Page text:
Emerging and Historic Prints to Buy This Week
Property of an Important American Collector
From the Catalogue:
The rare paper work Hong Kong was created in 1985, following Jean-Michel Basquiat’s trip to the city in April of the same year. At the time, Basquiat travelled with the restaurateur and artist Michael Chow and his then-wife Tina, spending two weeks in the city.
At first glance, Hong Kong features almost-caricatures of a cartoonish, exoticised “Far East”: a dragon’s head, a waving gorilla resembling King Kong, a grotesque face mask of sorts, the top half of a horse’s head. And yet, it is evident that even in such a seemingly simple piece, the artist has deftly incorporated more detailed remnants of the city: an electrical diagram for what appears to be a television screen, an unsurprising addition, considering that the VHS version of the widely popular King Kong vs. Godzilla became available in the same year, 1985. The nonsensical extract “For Stop The Itchy Empitigo Fleas Fleas”, presumably taken from an advertisement for ointment, can additionally be taken as vestiges of the artist’s memories and observations while in the city. When counted among the entirety of the artist’s other allusions to fleas, leeches, and parasites—all metaphors for a depletion of life—one might lend an ironic, almost humorous connection to the words’ proximity to the depicted horse in Hong Kong.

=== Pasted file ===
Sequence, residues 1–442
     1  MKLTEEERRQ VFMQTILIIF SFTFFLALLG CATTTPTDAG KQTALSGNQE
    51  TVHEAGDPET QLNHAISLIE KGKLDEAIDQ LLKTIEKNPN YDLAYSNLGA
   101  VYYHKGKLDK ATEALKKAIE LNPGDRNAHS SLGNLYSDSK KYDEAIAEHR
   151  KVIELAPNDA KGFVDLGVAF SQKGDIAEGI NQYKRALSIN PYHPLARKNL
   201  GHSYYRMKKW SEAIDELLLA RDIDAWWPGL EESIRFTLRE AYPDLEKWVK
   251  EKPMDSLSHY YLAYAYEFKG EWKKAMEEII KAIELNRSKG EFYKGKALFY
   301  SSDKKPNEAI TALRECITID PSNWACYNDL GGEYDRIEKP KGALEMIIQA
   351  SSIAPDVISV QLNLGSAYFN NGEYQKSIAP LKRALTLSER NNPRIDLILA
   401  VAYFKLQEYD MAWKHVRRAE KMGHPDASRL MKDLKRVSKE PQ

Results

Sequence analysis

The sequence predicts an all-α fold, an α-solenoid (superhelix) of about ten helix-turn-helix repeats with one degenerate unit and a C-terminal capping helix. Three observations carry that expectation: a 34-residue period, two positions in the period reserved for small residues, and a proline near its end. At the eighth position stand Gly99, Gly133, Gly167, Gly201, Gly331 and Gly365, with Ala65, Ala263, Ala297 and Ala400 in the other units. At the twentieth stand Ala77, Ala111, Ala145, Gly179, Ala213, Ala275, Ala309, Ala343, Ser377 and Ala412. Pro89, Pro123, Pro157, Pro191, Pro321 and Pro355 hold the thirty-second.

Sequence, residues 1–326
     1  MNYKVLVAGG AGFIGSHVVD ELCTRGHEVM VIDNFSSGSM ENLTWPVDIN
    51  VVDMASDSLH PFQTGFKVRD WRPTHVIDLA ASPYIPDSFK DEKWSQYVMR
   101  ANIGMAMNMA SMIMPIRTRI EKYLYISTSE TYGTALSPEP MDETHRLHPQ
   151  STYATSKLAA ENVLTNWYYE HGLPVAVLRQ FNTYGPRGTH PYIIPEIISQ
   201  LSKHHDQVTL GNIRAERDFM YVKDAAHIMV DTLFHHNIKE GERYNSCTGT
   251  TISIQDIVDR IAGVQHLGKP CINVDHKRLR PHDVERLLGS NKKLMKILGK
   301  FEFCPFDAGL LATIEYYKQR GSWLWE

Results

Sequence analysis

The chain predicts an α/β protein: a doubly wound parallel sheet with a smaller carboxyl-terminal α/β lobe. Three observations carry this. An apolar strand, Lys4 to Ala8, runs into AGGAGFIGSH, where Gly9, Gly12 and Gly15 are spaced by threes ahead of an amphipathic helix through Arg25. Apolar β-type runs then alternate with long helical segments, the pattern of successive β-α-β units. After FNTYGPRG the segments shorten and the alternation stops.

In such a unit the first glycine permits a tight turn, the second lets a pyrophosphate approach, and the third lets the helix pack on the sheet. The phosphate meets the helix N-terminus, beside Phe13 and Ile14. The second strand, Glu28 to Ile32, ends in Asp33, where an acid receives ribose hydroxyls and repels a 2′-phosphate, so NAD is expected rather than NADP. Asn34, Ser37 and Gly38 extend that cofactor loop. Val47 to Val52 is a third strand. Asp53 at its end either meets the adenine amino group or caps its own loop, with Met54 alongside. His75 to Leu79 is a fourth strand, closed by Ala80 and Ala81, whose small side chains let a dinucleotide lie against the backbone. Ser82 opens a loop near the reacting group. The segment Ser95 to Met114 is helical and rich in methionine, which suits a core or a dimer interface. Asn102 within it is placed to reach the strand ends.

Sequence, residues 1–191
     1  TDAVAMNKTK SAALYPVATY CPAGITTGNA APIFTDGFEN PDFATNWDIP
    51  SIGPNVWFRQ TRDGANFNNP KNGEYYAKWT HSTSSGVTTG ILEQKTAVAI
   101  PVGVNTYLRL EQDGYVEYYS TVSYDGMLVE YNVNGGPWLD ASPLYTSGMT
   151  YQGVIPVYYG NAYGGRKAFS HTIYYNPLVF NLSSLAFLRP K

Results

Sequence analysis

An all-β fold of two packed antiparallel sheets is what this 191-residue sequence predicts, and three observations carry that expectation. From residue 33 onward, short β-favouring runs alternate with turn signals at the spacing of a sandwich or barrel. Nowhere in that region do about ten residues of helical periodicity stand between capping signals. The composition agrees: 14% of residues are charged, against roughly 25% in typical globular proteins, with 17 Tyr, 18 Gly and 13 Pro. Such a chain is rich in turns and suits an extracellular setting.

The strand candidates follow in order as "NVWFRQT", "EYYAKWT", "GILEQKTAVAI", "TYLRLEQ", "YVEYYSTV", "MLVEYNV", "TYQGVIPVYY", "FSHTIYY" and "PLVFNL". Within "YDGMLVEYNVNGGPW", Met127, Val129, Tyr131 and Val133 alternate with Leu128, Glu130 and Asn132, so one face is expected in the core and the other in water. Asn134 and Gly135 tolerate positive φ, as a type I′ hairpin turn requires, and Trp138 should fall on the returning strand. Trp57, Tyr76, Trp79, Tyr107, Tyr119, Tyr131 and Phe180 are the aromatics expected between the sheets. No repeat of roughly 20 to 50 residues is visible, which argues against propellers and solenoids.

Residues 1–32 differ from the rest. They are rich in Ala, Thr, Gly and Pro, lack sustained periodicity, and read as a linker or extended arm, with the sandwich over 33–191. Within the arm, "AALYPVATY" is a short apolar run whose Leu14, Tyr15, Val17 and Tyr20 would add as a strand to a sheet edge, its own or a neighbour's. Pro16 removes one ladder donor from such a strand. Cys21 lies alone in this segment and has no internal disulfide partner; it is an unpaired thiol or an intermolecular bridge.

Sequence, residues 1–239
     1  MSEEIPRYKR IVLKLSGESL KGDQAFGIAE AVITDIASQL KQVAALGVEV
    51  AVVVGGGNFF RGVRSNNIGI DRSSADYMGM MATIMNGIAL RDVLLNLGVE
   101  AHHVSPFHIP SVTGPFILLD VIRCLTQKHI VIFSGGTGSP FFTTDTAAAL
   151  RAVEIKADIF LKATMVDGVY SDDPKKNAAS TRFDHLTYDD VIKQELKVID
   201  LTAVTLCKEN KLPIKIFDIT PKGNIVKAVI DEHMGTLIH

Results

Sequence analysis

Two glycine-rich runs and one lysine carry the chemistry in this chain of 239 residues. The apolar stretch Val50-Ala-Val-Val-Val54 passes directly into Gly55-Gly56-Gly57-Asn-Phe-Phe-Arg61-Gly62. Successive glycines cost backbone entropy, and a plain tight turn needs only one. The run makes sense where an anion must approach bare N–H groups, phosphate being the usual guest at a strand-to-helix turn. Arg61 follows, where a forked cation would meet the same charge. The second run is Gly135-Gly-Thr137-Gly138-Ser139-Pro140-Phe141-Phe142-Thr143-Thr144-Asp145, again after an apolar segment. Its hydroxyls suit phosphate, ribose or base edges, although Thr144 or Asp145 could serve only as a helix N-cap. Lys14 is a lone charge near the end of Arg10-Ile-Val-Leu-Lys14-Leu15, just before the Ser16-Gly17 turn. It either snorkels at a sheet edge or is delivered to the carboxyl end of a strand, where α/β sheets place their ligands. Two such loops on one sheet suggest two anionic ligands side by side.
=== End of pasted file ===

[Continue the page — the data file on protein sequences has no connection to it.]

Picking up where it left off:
The piece’s display of Xerox collage also aptly captures the artist’s techniques from the late 1980s. Prior to his forays as an artist, Basquiat sold baseball cards and postcard collages, and in his later career, used Xerox collage as a way to inject a distinctive aesthetic into his pieces. Constantly making notes and drawings, the draughtsman Basquiat was known to fervently scrawl on quite literally any surface: fridge doors, windows, later Xeroxing these jottings to paste onto canvases. One might imagine the artist similarly scribbling against the streets and pavements of Hong Kong, hungrily taking notes as he traversed the new city.
The artist was drawn to Xerox because of its flat shininess, but perhaps most alluring was the ease with which his drawings could be reproduced, a potent nod to his past as a graffiti artist operating under the moniker “Samo”. Notably, Hong Kong features the copyright symbol—next to presumably King Kong—another carryover from Basquiat’s graffiti period along with the crown. Thus drawing our attention to the jest: Hong Kong King Kong, a little rhyme that remains; the butt of a private joke.
Hong Kong can be counted amongst the artist’s Xerox collage works—but most importantly, it is an extremely rare piece featuring the artist’s memories of an exciting and exotic new city. With its incorporation of bright colours, the work is a potent reminder of Jean-Michel Basquiat’s youth and vitality.
Phillips had the privilege of speaking to Michael Chow aka M, who invited Jean-Michel Basquiat to Hong Kong in April 1985, following a friendship of half a decade prior to the artist’s trip to the city. In the below excerpt, M recounts some of his memories of the artist’s excursion to Asia, the young Basquiat’s inquisitive mind, his rebellious sense of humour, and his deeply rooted devotion to his mother.
Phillips: How did you and Basquiat initially meet?
Michael Chow aka M: He gave me a calling card—he was very ambitious—and he gave me a painting, of 4 or 5 feet, and we became very good friends ever since. It was love at first sight.
P: How did the idea of going to Hong Kong together in 1985 come about? Could you share with us some of your memories?